By age 70—in many cases, even younger—most people will be experiencing a certain degree of osteoarthritis. That means joint pain and stiffness, particularly in the morning, and painful swelling at the joints that can restrict your activity and lessen your quality of life.
While there is no cure for osteoarthritis, there are some treatments that can help you get your full range of motion back. There are lifestyle changes as well as medical approaches that can help. Your doctor can help you create an arthritis treatment plan.
Here are some effective measures against osteoarthritis:
- Losing weight can help in some cases, since being overweight can trigger or exacerbate osteoarthritis.
- Exercise might sound painful, but people say it produces results. Aerobics and strength training can help alleviate the pain and lessen it when it comes back.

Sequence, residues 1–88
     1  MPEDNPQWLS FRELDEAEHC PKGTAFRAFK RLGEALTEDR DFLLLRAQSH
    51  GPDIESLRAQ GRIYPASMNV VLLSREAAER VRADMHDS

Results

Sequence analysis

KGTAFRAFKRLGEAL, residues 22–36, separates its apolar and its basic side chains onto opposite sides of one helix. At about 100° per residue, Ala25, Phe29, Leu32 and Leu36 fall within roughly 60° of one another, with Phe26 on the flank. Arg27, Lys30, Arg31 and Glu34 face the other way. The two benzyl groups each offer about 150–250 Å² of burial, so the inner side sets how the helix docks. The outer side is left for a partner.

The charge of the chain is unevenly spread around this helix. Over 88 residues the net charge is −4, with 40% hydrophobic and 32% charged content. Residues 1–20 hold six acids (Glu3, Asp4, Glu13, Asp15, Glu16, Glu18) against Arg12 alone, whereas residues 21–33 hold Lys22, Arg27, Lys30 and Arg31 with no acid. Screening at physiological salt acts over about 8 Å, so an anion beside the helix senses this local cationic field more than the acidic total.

- Alternating heat and cold, using, for example, warmed towels and ice packs, can help ease some of the pain.
- Massage treatments can help relax your joints and ease the pain.
- Pain management classes can help you develop skills and techniques to essentially psych yourself out of pain.
- Acetaminophen and NSAIDs are over-the-counter medications that relieve pain, including arthritis pain; NSAIDs also fight inflammation, though older patients are especially prone to complications.
- Prescription painkillers can be effective on severe pain, though there is a risk of dependence. This is a relatively small concern in elderly patients, however.
- Cortisone shots can relieve pain, but long-term use can damage your joints.
- Hyaluronic acid replacement can be used for osteoarthritis of the knee. Hyaluronic acid is the main component of natural joint fluid that is diminished in arthritis.
Your doctor can help you find the best way to deal with your arthritis. You don’t have to live with the chronic pain.